Wednesday 4 March 2015

Number the stars by Lois Lowry

Number the stars by Lois Lowry (Houghton Mifflin Co., 1989)

ISBN 0 395 51060 0

17 chapters; 137 pages

Subjects: World War Two, Denmark, Sweden, Jews, Resistance, Occupation, courage, friendship, junior fiction (Year 6-8)

This is not a long book, but it is simply but powerfully told and won the Newbery Award. I am going to quote from the book jacket itself, because it provides the perfect intro:

“’How brave are you, little Annemarie?’ Uncle Henrik asks his ten-year-old niece. It is 1943, and to Annemarie Johansen, life in Copenhagen is a complicated mix of ordinary home and school life, food shortages, and the constant presence of Nazi soldiers. Bravery seems a vague virtue, one possessed by dragon-slaying knights in the bedtime stories she tells her younger sister, Kirsti. Too soon, she herself is called upon for courage.

As the German troops begin their campaign to "relocate" all the Jews of Denmark, the Johansens take in Annemarie's best friend, Ellen Rosen, and pretend she is part of the family. Ellen and Annemarie must think quickly when three Nazi officers arrive late one night and question why Ellen is not blond, like her sisters.

Through Annemarie's eyes, we see the Danish Resistance as they manage to smuggle almost the entire Jewish population, nearly 7000 people, across the sea to Sweden. In this tale of an entire nation's heroism, Lois Lowry reminds us that there is pride and human decency in the world even during a time of terror and war.”

Lois Lowry has written an Afterword in response to the question “How much of Annemarie’s story is true?”

There are lots of study guides available online. The  Scholastic page has extra teaching resources including extension guides and writing prompts.

The book also features on the prestigious Kirkus reviews which calls it a "deftly told story that dramatizes how Danes appointed themselves bodyguards--not only for their king, who was in the habit of riding alone in Copenhagen, but for their Jews."

Where does the title come from? (Hint: Look in the chapter titled “Let us open the casket”.) What do you think it means?

Author’s website
Lois Lowry’s website starts on a cheery, welcoming note: “Hi! I wish I could invite you into my kitchen for a cup of tea and we could chat. That's not possible. But please... join me here, at the website. It's the next best thing.”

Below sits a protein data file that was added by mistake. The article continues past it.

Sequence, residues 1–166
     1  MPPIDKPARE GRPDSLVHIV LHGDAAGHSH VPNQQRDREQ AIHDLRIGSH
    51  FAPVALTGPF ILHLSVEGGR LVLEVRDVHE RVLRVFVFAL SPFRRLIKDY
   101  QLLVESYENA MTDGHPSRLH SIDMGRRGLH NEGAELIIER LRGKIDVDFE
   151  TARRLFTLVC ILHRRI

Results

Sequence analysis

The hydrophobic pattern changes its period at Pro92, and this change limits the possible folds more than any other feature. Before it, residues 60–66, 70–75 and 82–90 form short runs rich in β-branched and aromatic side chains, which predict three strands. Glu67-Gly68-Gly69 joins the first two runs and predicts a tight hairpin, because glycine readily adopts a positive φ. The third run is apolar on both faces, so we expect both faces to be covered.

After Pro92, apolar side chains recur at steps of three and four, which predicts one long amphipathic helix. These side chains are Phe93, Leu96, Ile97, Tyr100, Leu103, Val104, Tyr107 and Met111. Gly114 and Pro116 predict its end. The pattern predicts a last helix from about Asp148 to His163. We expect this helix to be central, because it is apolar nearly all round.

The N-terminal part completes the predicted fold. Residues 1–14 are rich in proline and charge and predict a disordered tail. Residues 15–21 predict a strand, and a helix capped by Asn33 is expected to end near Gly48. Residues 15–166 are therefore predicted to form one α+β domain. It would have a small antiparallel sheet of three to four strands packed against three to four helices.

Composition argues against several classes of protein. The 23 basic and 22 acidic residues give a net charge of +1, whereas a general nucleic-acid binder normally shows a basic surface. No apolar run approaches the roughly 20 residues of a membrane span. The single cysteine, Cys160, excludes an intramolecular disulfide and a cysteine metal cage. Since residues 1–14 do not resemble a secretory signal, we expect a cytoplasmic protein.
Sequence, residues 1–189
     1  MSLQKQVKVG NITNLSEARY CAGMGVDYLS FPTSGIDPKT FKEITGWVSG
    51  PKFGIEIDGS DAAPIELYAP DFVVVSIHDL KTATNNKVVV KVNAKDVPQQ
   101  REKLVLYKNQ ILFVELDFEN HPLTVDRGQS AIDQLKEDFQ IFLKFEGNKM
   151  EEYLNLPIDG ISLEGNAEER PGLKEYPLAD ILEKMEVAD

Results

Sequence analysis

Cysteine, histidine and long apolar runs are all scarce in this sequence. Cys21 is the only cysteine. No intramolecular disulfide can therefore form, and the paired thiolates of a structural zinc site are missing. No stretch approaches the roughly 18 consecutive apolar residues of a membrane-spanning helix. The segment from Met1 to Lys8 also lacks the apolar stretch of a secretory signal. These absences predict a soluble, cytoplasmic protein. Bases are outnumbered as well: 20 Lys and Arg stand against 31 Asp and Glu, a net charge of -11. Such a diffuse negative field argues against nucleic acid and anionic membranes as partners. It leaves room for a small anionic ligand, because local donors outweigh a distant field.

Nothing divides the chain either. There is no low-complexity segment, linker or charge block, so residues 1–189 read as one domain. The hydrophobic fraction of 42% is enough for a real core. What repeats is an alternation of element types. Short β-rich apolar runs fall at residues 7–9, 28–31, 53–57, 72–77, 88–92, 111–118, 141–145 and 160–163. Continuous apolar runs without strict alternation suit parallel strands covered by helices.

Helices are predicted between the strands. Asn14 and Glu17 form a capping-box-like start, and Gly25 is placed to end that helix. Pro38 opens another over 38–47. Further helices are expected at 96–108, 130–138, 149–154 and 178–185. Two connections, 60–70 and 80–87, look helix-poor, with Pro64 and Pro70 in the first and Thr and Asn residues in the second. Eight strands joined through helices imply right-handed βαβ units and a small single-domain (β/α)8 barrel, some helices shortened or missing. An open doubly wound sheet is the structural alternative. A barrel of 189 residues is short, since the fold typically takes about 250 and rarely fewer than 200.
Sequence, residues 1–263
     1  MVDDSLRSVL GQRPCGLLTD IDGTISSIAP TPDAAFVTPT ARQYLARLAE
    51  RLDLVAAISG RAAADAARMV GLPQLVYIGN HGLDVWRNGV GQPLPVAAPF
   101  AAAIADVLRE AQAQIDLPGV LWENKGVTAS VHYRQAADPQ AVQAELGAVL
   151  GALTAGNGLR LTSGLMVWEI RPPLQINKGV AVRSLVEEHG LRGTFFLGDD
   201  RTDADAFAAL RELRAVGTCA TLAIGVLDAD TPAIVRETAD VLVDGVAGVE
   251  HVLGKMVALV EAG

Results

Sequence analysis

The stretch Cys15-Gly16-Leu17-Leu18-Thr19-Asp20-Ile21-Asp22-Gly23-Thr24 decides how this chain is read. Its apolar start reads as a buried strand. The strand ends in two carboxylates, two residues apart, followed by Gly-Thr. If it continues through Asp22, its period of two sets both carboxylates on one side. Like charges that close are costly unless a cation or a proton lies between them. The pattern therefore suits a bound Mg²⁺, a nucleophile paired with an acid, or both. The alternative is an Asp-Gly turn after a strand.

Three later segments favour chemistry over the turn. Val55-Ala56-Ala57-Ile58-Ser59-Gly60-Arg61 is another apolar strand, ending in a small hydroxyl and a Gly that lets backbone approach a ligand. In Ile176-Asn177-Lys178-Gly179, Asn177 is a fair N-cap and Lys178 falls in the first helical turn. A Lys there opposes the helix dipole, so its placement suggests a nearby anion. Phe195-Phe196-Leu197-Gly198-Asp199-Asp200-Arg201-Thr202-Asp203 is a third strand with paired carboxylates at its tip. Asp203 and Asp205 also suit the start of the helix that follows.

It contains her biography with lots of family photos and interesting facts, FAQs, speeches, videos and even a quiz. Lois Lowry was born in Hawaii, went to school in America and Japan, got married at 19 and had four children. She writes that her older son was a fighter pilot in the US Air Force. “His death in the cockpit of a warplane left a little girl fatherless and tore away a piece of my world. But it left me, too, with a wish to honor him by joining the many others trying to find a way to end conflict on this very fragile earth.”

I also liked this paragraph:
“My books have varied in content and style. Yet it seems that all of them deal, essentially, with the same general theme: the importance of human connections. summer to diemy first book, was a highly fictionalized retelling of the early death of my sister, and of the effect of such a loss on a family. Number the starsset in a different culture and era, tells the same story: that of the role that we humans play in the lives of our fellow beings.”

Other books you might like:
Claire Huchet Bishop’s Twenty and ten, set in France, also shows how courage and friendship can help to save those whose lives are in danger, as does Hero on a bicycle by Shirley Hughes (set in Italy).

In I am David, Denmark is the country that David is told to head to. In my post on that book, I talk about how it isn't a WW2 story at all, but I still like the connection. 

Things I didn’t know
I didn't know anything about the Danish Resistance (Denmark surrendered to Germany in 1940).  I had no idea that over 7,000 Danish Jews - almost all of the country's Jewish population - were taken across to safety in Sweden.

I didn’t know about King Christian and loved the story of how he used to ride out on his horse every morning to greet his people, unguarded,  because “the whole of Denmark” was his bodyguard. In fact there is a picture book about him, The Yellow Star: The Legend of King Christian X of Denmark by Carmen Agra Deedy, which tells how he responded to the Nazi edict that all Jews must wear a yellow star by wearing a yellow star himself – however, this is apparently a blend of fact and legend, as no Danish Jews were ever “forced" to wear the yellow star.

But as the Holocaust Encyclopedia points out, “The legend conveys an important historical truth, however: both the King and the majority of the Danish people stood by their Jewish citizens and were instrumental in saving almost all of them from Nazi persecution and death.”

King Christian X. According to popular legend, King Christian X chose to wear a yellow star in support of the Danish Jews during the Nazi occupation of Denmark. In another version, the Danish people decided to wear a yellow star for the same reason. Both of these stories are fictional. However, the legend conveys an important historical truth: both the King and the Danish people stood by their Jewish citizens and were instrumental in saving the overwhelming majority of them from Nazi persecution and death.
King Christian X of Denmark

Here is a picture of a Danish rescue boat, and a map showing how close Denmark is to Sweden. You can even see film footage of the German presence in Copenhagen.

Have you read it?
Have you read this book? Let me know what you think!

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